Recent reports have shed light on the prevalence of Medicaid scams related to Durable Medical Equipment (“DME”).
On the one hand, the enduring nature of DME, which withstands wear and tear, makes it an easy target for illegal profiteering. According to sources from the Tampa Medicare Fraud Strike Force, the state of Florida has become a center for DME fraud. Since 2012, the federal law-enforcement has discovered over DME fraud amounting to $600 million across the nation, with Florida accounting for $58 million.
For example, the Medicare Fraud Strike Force has shed light on the connection between the rise of ‘scooter stores’ in Florida and Medicaid scams. These shops that grow faster than weed, are often the façade for illegitimate businesses, as they provide scooters to patients who do not really need them and bill Medicaid for unnecessary services.
Another way in which DME fraud manifests itself is through violent telemarketers who aggressively phone Medicaid patients tens of times a day to try to sell them medically unnecessary equipment.
The extent of Medicaid fraud in Florida implies a moral and logistical scandal, as it means that there is a large number of doctors who are willing to provide bad quality care to patients, a number of providers and medical practices who are also ready to participate in such schemes, and a vast population of vulnerable patients who become easy targets.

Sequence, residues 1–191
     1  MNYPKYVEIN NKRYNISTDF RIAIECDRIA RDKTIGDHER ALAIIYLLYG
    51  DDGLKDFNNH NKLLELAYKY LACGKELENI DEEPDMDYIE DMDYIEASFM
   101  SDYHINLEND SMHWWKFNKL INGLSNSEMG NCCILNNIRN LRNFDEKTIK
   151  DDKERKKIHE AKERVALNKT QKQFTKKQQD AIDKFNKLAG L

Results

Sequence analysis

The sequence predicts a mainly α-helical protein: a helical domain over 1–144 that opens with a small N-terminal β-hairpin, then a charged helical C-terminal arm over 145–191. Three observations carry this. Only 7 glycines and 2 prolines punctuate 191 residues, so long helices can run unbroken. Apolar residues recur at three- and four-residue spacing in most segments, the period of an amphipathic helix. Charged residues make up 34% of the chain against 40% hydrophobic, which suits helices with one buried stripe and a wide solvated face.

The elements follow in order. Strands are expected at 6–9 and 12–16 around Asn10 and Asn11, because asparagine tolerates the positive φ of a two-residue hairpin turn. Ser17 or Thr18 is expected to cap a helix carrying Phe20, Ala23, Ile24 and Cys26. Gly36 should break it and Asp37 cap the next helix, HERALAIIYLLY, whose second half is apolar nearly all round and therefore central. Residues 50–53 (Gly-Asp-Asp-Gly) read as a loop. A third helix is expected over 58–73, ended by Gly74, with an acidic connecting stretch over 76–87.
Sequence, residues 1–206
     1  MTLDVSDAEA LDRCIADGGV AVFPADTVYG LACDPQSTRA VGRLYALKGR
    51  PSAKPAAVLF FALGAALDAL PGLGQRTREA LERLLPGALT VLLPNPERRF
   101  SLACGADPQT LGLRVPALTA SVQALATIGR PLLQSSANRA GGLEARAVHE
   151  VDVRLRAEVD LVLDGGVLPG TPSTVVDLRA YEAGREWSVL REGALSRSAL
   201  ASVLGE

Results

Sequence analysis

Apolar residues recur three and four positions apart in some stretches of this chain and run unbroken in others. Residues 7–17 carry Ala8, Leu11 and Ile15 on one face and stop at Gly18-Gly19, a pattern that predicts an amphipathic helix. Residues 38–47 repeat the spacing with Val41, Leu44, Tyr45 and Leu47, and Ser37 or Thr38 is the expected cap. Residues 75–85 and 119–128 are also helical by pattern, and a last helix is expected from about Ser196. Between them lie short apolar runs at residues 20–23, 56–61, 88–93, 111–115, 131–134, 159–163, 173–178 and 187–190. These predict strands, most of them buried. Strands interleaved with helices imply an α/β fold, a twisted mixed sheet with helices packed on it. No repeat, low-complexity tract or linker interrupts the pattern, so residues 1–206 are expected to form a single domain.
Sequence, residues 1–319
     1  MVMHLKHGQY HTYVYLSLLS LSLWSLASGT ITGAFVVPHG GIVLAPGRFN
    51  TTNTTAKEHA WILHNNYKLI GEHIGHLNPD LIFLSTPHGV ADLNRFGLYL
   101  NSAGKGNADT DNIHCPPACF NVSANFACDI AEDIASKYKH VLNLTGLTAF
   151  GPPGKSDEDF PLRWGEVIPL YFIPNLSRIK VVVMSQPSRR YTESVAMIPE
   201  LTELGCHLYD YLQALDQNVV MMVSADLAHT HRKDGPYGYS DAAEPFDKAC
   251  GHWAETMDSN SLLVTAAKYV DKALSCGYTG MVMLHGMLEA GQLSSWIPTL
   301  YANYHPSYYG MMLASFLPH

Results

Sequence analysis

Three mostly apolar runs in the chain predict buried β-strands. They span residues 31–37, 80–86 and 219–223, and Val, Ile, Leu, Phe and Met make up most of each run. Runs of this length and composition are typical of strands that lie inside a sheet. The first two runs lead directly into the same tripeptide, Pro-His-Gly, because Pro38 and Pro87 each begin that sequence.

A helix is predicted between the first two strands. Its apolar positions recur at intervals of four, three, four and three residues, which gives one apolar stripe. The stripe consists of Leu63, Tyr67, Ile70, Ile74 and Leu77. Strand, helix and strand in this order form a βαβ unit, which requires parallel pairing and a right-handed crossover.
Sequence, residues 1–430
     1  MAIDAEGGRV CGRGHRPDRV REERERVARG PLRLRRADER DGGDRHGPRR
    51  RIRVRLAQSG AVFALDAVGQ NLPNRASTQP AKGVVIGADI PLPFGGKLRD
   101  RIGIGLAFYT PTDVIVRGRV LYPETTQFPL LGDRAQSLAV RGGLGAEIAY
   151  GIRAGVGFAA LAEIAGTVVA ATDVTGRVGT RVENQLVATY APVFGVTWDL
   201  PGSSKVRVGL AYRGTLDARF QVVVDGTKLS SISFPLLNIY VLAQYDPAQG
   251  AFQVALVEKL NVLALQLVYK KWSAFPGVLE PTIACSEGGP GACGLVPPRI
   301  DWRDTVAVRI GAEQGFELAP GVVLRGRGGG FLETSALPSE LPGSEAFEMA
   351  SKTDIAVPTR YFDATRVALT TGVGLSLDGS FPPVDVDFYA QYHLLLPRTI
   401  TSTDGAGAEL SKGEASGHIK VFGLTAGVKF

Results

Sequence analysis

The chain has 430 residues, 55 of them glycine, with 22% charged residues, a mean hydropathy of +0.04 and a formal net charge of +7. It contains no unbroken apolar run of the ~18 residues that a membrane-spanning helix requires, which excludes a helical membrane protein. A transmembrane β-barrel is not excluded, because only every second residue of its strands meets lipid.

The lack of doctor-patient intimacy and close bonds, that is characteristic of telemedicine, is one more element that favors DME fraud, because physicians diagnose, prescribe medicine, and treat patients via video calls or phone calls without the need for a proper face-to-face encounter. This kind of detachment and aloofness helps in creating the right atmosphere for medical fraud. What was earlier used as a way to facilitate access to medical care and to smooth long waiting hours at the hospital or E.R. has now become an opportunity for patient abuse.
The recent investigation into the DME scandal has also revealed that patients’ names are sold on the black market, and fraudulent DME providers harass patients without any consideration. Whistleblower Daniel Yarbrough, who used to work as a manager of a medical supplier in Delray Beach, sued his former company for fraud and has painted a shocking picture of how easy it is to partake in this criminal scheme.
Yarbrough has revealed that companies may pay up to $20,000 per week for illicit lists containing thousands of Medicaid beneficiary names. Another whistleblower, Cody Fletcher, who worked for the same company as Yarbrough, speaks of how they would call those Medicaid patients non-stop. One of these Medicaid beneficiaries, Terry Combs, has testified about how he was sold a back brace he did not really need or want by a company that stalked him for over 12 months over the phone.
All in all, DME fraud is a billion-dollar uncontrolled problem. It is on the rise, and it will continue to put a heavy burden on the shoulders of the American taxpayer unless firm steps are taken to control it, prevent it, hold wrongdoers accountable, and, ultimately, protect vulnerable patients.